- Until Fear No Longer Defines Us
Closed curtains refuse to let the daylight penetrate through, the slight beams of light wander lost somewhere in the gray haze of the autumn. The room behind the curtains is as dark and solemn as the man sitting inside it. The floor filled with debris, the shelves bending under the weight of drained bottles of something stronger than spring water. The only thing visible on the face of the crestfallen man are a stubble replete enough to be called a beard and the clean lines carving a canyon down from his eyes - the path of tears that have dried ages ago. He has no one but the black rain bludgeoning its droplets against the only window in the room.
I think that when a band manages to create such vivid imagery into your mind during one monumental album, you can't help but to lay high expectations on what will follow. Isolations Songs
is single-handedly emotionally the most raw, sullen creation I have heard up to date in genre of metal. Until Fear No Longer Defines Us, the third full-length album from the Finnish quintet, is not a lonesome man on the verge of a silent suicide. No, it is the repentance and penitence of a man on his knees, waiting for the sunlight to burst into his heart.
Sitting on my floor, curtains closed, rain quietly hammering against my window and only a small table lamp illuminating my room. In The Woods fell as silently on my shoulders as the dusk falls over daylight with the acoustic wonders of music forming their own residence inside my head. The expectant feeling rose throughout the whole song and the wait for the burst of agony felt like three eternities woven into each other but when Clawmaster's first lines of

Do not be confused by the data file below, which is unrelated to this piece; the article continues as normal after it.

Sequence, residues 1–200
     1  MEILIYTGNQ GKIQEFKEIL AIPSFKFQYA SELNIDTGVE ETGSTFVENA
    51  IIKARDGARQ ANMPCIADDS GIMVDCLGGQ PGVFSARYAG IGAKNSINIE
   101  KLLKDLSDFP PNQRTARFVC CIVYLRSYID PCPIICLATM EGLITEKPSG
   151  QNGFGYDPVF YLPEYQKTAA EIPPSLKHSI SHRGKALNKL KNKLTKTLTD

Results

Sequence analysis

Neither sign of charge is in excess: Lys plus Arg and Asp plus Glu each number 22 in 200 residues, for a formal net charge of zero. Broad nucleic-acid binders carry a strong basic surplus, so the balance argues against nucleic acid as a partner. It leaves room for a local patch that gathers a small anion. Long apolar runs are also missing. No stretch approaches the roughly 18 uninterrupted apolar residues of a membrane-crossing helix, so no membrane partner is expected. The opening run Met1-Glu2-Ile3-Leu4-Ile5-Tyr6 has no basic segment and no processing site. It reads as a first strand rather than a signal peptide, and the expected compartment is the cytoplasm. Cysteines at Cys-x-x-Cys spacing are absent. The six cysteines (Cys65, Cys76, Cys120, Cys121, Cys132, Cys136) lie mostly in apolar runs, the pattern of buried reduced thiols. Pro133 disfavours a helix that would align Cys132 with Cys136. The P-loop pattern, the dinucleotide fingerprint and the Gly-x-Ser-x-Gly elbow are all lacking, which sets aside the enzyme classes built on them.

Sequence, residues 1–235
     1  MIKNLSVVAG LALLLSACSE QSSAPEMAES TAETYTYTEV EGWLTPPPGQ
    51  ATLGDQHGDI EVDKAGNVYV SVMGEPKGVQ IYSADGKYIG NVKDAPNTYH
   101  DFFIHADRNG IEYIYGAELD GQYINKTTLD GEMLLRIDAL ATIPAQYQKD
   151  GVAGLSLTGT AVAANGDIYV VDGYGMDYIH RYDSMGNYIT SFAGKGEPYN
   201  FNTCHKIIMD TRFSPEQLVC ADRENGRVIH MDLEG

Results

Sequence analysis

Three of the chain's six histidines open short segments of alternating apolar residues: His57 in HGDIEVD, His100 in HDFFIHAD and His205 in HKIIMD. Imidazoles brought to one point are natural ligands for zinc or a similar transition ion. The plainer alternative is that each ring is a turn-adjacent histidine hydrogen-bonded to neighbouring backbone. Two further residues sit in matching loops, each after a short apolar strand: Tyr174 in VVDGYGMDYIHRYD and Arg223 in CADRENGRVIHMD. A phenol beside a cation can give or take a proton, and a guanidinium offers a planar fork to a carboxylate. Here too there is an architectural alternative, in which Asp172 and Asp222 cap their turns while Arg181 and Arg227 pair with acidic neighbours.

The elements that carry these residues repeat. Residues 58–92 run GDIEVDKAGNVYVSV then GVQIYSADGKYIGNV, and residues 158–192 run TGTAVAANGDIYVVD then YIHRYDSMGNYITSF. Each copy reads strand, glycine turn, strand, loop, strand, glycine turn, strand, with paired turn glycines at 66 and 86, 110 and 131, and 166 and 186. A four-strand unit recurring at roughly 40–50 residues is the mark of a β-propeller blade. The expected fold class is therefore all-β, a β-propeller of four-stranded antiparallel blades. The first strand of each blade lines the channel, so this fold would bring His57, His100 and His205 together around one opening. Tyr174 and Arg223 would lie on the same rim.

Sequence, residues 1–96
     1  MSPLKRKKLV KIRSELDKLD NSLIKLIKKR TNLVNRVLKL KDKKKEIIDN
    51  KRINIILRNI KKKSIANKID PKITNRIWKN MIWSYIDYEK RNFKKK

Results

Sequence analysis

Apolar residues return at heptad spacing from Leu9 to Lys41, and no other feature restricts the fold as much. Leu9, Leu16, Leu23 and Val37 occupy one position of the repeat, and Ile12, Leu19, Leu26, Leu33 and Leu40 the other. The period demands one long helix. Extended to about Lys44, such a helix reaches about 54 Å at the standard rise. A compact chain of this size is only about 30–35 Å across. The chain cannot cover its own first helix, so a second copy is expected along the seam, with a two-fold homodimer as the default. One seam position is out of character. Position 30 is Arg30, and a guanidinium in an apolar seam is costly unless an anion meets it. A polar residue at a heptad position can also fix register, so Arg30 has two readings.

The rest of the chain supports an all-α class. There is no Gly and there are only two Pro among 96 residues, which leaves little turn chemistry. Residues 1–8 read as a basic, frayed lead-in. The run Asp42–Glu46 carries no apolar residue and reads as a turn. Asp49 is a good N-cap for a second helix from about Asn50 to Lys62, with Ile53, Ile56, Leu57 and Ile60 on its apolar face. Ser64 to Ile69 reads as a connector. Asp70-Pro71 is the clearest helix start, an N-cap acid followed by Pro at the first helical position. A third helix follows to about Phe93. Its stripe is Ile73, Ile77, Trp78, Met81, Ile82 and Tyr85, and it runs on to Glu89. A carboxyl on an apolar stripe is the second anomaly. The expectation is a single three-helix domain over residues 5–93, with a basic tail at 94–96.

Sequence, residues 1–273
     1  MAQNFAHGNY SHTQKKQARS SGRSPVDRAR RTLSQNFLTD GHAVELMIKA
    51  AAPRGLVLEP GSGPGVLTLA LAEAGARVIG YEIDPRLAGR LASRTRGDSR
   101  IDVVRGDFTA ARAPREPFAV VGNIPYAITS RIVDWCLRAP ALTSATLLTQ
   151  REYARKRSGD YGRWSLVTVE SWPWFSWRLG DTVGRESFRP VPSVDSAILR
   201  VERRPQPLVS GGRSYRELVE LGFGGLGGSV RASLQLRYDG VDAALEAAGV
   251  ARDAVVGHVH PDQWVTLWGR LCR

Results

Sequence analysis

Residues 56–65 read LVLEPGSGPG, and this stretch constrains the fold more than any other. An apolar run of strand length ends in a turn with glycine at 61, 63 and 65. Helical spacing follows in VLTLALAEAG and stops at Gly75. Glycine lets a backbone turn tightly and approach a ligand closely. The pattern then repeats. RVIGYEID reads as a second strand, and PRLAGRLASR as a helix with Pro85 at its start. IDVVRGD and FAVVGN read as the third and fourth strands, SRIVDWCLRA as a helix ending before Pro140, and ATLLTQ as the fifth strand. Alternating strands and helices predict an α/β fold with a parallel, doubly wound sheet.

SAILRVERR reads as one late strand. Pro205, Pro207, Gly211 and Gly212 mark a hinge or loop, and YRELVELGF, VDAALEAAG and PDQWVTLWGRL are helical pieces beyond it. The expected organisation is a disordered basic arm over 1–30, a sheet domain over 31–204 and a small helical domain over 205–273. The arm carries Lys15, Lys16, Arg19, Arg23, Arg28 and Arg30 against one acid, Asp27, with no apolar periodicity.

Wading in mud
bellowed belligerently out of my speakers, I was as home as a Finnish man could be.
There is clear progress from the previous work. The guitars have partly shifted from serrated soulreaping to mildly melodical power-risers. Traces Of Liberty and Divine Act Of Lunacy demonstrate the aforementioned progress when their choruses take their toll of the listener's unconsciousness.
Unline most metal bands, I find Ghost Brigade to excel in the lyrical manner as well. The despondent vocal compositions of Ikonen freeze your ears and fortify the effect the simplified, yet cunningly metaphorical lyrics create. Breakwater, the towering title-track-intention, verbally depicts a sinking man grasping for his last breathes of air - a refusal to fall down from his knees, a struggle to get back up on his feet.
As generic of Ghost Brigade tracks as Call Of Decay and Torn may seem, they are still buried deeper in darkness and carved further into the musical flesh than the majority of the songs in the whole genre. With Soulcarvers ending the album in a feeling of the want of raising your hand towards the sky in a formation of potential throes of perdition, one is left staring blankly forward in admiration.
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